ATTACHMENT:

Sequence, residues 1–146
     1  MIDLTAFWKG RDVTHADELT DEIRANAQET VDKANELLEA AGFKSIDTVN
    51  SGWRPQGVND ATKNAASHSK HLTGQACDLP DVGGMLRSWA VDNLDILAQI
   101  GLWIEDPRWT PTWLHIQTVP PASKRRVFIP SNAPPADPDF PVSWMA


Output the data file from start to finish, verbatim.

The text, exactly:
Sequence, residues 1–146
     1  MIDLTAFWKG RDVTHADELT DEIRANAQET VDKANELLEA AGFKSIDTVN
    51  SGWRPQGVND ATKNAASHSK HLTGQACDLP DVGGMLRSWA VDNLDILAQI
   101  GLWIEDPRWT PTWLHIQTVP PASKRRVFIP SNAPPADPDF PVSWMA